2. For-Profit Hospital Ownership – Previously state law did not allow for-profit hospitals to employ physicians which has hindered major for-profit hospital purchases in the state so far. The legislature passed and the governor signed legislation that would make these conversions easier. At this point, Sharon Hospital is the only for-profit hospital in the state, however there are several proposed for-profit conversions. Tenet is moving ahead with plans to purchase Waterbury and Bristol Hospitals, as well as Eastern Connecticut Health Network (Manchester and Rockville Hospitals). Tenet and Yale made an agreement for Yale to provide physician services to ECHN. A public meeting has been announced regarding the ECHN purchase.

State SIM Grant – Connecticut has submitted its State Innovation Model (SIM) grant proposal, which could provide approximately $50 million in funding for transformation of the health delivery system in Connecticut. Currently the steering committee is putting together an implementation grant request. Former chapter governor Robert McLean is serving on the steering committee for the proposal development, and several other ACP members are serving on other advisory committees. CSMS is coordinating physician members on these committees. There was a meeting earlier this evening of the steering committee at which they discussed several issues of interest to us. One issue of direct interest is the standard for designation of Medical Homes under state programs, and the conversion of practices to the PCMH model of care.

There have been ongoing services cuts around the state. St. Francis has been cutting various primary care services. Institute of Living is eliminating its schizophrenia program. Hartford Health is cutting 350 positions around the state. These staffing cuts are generally explained as efforts to control costs while maintaining services, however they may have effects on access to care, especially for low income, vulnerable populations. With ongoing consolidation there are threats to access as hospitals and systems focus on high profit services and markets consolidate. We need to keep an eye on this. Members can contact us if they are aware of other potential access issues that arise.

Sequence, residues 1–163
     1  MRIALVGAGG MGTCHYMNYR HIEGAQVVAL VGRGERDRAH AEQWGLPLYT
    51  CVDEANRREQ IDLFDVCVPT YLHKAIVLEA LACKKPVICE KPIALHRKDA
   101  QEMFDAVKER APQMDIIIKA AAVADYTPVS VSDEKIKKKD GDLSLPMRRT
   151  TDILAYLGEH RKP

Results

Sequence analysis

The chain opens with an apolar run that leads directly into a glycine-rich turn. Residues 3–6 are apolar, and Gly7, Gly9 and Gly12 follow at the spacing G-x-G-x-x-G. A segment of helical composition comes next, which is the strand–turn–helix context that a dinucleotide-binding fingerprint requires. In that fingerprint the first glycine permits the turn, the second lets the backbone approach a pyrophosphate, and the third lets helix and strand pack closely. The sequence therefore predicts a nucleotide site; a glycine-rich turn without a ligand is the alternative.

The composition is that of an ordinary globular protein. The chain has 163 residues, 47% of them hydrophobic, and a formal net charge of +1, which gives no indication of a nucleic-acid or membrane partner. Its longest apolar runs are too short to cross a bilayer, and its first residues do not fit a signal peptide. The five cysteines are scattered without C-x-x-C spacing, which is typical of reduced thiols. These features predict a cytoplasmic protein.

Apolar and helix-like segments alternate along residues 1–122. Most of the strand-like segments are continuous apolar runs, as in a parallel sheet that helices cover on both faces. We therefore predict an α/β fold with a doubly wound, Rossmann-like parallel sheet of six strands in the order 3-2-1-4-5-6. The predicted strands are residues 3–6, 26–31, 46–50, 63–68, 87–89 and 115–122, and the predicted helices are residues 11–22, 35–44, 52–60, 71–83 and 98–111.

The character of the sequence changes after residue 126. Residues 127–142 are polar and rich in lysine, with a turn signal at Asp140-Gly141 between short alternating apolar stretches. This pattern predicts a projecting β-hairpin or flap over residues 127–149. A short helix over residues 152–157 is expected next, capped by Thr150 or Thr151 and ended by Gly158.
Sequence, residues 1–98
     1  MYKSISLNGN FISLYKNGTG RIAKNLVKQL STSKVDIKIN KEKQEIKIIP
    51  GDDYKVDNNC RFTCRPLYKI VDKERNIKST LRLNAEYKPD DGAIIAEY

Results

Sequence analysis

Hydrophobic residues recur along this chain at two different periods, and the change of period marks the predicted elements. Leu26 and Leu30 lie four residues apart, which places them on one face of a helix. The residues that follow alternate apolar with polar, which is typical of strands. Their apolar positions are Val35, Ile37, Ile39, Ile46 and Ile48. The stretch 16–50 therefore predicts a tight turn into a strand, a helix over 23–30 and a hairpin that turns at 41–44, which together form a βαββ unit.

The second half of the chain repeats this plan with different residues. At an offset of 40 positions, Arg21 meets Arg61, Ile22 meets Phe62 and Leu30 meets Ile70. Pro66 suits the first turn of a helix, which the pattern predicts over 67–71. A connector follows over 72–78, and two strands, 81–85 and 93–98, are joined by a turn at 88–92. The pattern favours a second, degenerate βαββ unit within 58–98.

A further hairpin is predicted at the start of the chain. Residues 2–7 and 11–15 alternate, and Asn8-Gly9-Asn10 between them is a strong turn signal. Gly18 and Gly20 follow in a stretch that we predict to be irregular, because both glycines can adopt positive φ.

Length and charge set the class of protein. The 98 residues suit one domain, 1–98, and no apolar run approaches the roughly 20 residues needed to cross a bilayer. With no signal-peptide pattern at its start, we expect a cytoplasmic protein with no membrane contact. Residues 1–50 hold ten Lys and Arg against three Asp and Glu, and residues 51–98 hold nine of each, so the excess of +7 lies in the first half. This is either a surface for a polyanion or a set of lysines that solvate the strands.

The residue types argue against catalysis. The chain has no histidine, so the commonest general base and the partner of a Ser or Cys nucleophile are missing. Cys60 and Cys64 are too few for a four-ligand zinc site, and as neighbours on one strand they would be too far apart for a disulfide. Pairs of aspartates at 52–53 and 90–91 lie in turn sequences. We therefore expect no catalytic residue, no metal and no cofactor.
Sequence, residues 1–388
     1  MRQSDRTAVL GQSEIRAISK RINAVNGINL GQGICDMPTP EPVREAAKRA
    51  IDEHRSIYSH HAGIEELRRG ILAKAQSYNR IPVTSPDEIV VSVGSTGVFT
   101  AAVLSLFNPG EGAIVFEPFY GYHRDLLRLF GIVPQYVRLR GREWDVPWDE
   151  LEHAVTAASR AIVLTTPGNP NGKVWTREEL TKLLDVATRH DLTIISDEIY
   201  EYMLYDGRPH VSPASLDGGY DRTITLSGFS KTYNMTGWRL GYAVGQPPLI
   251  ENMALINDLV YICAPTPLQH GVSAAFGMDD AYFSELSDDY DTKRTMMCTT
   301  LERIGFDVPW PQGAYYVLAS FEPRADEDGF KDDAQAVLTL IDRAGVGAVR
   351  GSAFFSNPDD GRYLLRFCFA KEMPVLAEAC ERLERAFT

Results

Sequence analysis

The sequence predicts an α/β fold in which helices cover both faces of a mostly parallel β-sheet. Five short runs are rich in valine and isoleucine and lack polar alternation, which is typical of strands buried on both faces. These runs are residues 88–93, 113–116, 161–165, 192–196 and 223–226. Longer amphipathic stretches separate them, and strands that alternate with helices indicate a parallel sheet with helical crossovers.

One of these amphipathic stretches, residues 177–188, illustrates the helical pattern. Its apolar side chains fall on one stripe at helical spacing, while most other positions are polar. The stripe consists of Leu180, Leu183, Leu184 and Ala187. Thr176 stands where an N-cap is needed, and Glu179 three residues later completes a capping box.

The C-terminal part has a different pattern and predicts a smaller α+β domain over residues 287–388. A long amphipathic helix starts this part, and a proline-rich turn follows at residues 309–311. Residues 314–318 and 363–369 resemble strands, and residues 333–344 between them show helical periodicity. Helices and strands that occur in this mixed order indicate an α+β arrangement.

ACA implementation – Several of the Exchange plans have asked for rate increases next year, while one has proposed a decrease (Healthy CT). The OHA has asked for public hearings on the issue. There was a recent data breach from Access Health CT, but it appears accidental and low impact. They are making changes to prevent further breaches.

National Issues
At the national level, there are several health policy issues of ongoing interest, although partisan gridlock and budget constraints continue to dominate the political process in Congress. We had a successful Leadership Day on 5/22/14, with several students accompanying our group in meetings with Congressional staffers. The key issues we discussed include:

1. Medicare Payment/SGR Issue – The SGR was pushed out again to the end of the year (after the election) ACP and other groups advocating for elimination of the SGR are hopeful that it may finally be possible this year. The budget cost is projected to be lower than in previous years, and the involved committees have been able to work towards legislation needed to replace the SGR with an alternative payment plan. However, there has been no agreement on budget offsets that will be needed to eliminate the SGR. So even if there is bipartisan agreement to eliminate the SGR, it may be put off yet again. ACP favors elimination of the SGR and transition to a new payment system that will reward high value care.